Jason Tschetter is an earnest young man. His hair is parted down the middle and neatly combed on each side in the traditional Hutterite manner. He seems older than his 27 years, until he smiles. Jason is in charge of the Meat Shop at the Green Leaf Hutterite Colony and the added responsibility of having been voted the colony’s second minister 4 months ago has broadened his shoulders.
“Just come to the town of Marcelin, SK. and turn east for 4 miles,” he directs over the phone. “You’ll see the sign.”
I arrive at the Meat Shop at the same time as Harold Greyeyes from the Muskeg Lake First Nation and Jason eagerly presents us with a platter of sausage and pepperoni samples. “Our meat is farm raised, no hormones, no force feeding, no MSG, no fillers, and mostly gluten free” he explains as we dive into a truly delicious assortment.
Muskeg Lake was one of Green Leaf’s first customers. “A few years ago, we were taking some Elders to Saskatoon and we passed by the sign and stopped in,” Greyeyes tells me between bites. “The meat tasted good and we felt better after eating it so we came back. We need a better diet,” Greyeyes admits, “Our people struggle with diabetes and a lack of good nutrition.”
Depression and other mental illnesses have been scientifically linked to a lack of proper nutrient’s. Prince Albert family physician, Noelene Le Roux says that an unhealthy diet can lead to Iron, B 12 and vitamin D deficiencies and that in her practice she sees first hand the “relationship between those factors and compromised health”
Fresh meat and produce widely available in local stores is a luxury northern communities can only dream about. When Green Leaf reached out to La Loche and Buffalo Narrows they were eager to give their products a try. “The meat they sell is just excellent,” says the Buffalo Narrows school secretary. It’s a good service that they’re offering. We love the variety packs of chicken, beef and pork. They deliver anything we order and are very accommodating.”
Candace Janvier from the village office in La Loche echo’s those sentiments. “The Hutterites come up at the end of every month,” says Janvier. “They have a reputation for good quality, good prices and a good selection. Our relationship with Jason and his workers is very good.”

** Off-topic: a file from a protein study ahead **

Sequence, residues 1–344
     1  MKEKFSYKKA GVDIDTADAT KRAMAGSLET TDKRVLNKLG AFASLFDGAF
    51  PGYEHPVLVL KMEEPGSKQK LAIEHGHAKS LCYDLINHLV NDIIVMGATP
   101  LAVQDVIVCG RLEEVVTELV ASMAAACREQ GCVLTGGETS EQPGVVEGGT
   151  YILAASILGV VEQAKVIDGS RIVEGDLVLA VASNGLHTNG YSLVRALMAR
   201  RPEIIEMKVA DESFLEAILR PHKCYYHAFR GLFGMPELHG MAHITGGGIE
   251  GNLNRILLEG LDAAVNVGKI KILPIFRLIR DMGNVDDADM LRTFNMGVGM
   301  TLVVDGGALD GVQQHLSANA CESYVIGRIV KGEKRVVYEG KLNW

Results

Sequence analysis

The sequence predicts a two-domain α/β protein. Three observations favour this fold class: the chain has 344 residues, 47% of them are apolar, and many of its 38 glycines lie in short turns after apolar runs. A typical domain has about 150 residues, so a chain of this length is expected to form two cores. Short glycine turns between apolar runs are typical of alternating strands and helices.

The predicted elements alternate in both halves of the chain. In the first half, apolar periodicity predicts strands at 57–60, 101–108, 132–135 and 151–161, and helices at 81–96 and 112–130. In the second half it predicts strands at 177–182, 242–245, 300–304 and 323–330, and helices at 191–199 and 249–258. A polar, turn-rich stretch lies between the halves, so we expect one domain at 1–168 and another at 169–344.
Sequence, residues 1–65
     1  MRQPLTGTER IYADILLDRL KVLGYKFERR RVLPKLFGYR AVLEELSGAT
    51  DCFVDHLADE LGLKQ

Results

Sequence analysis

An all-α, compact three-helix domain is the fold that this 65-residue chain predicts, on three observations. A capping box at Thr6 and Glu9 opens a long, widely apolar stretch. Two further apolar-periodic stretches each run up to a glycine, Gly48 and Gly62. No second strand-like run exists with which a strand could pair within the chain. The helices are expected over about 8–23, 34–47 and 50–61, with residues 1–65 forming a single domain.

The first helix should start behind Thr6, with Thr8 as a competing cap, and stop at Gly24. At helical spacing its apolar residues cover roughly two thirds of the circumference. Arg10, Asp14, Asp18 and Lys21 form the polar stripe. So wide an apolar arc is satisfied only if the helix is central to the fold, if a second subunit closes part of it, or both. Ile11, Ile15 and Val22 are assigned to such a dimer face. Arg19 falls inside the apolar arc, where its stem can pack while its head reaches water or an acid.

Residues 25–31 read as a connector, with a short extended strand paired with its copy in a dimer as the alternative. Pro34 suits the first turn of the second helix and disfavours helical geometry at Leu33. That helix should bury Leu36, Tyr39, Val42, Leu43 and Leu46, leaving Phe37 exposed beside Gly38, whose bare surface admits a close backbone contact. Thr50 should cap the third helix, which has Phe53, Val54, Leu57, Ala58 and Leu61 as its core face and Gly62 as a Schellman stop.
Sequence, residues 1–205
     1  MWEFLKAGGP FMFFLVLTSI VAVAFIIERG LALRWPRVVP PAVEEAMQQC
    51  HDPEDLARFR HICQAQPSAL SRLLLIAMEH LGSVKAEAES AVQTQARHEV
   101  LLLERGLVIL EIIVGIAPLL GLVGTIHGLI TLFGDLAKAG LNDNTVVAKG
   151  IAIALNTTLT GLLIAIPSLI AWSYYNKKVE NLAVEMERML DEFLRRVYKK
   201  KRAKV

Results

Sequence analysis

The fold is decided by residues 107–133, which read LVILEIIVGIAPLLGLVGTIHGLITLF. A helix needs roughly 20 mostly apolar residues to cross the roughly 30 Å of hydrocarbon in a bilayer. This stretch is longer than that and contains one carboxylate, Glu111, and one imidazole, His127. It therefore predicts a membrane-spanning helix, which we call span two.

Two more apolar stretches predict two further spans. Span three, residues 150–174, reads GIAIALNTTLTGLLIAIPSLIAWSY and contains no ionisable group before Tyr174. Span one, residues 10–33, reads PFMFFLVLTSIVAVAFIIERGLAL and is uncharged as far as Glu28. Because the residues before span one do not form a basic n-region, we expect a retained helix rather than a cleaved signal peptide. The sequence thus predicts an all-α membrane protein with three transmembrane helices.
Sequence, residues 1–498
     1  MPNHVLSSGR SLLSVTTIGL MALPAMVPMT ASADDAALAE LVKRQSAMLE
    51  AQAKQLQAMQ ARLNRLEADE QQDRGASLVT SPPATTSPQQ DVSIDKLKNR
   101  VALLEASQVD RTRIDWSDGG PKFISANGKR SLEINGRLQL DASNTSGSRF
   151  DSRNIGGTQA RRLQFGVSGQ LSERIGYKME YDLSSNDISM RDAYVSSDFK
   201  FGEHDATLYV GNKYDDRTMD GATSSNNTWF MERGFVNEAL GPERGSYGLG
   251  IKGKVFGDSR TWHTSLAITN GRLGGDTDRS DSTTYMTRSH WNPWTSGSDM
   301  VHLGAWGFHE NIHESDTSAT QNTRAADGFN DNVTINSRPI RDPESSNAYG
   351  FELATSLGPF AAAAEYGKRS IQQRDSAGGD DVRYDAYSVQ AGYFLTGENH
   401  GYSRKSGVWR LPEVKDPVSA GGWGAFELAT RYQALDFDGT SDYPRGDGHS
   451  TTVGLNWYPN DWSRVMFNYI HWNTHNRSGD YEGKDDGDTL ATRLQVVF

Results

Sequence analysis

“Its built on trust,” says Jason. “That’s the main thing. They have to trust us and we have to trust them. They are community people like us and we have a kind of understanding between us.”
Green Leaf Colony currently provides 6 Aboriginal communities with fresh meat but would welcome more customers. The colony has a large capacity butcher shop that is provincially inspected each month. In addition to chickens, the colony butchers 20-30 pork and 5-10 beef a week depending on orders. Green Leaf produces at least 10 varieties of sausage.
An array of Green Leaf meat products is available at The Rusty Owl Restaurant on River Street in Prince Albert. A steady stream of customers is finding its way to the freezer in the back of restaurant to purchase meat and sausage the colony delivers fresh weekly.
In addition to slaughtering their own farm raised animals the colony also processes wild meat such as bison, elk and moose for Aboriginal customers.“They want their wild meat done professionally and they keep the hide, the horns and the insides; the liver, the heart, the kidneys,” Jason explains. “They waste nothing. They kill it and we skin it for them but we give the skins back to them.”
While Jason’s heart is invested in the success of the colony Meat Shop he has an important mentor looking over his shoulder. Rachel Wollman, the “chicken lady” from Leask Colony who for years peddled chickens from the colony van in the Prince Albert area is his Aunt. Rachel was beloved by everyone she came into contact with. She charmed the customers while her husband Josh did the driving. Rachel blazed the trail for Jason and although she’s retired from the chicken business she has not retired from dispensing good advice.
“Aunt Rachel (Basel) calls me all the time,” says Jason. “She reminds me that the most important thing is to be honorable, to be fair and to give people a quality product. That way she says God will bless us and its pretty hard to argue with that.”
Contact the Green Leaf Meat Shop at 306-466-7409.
Mary-Ann Kirkby is a Hutterite author and professional speaker. Signed copies of her books are available at the Rusty Owl Restaurant in P. A. and at www.polkadotpress.ca. Contact Mary-Ann at firstname.lastname@example.org
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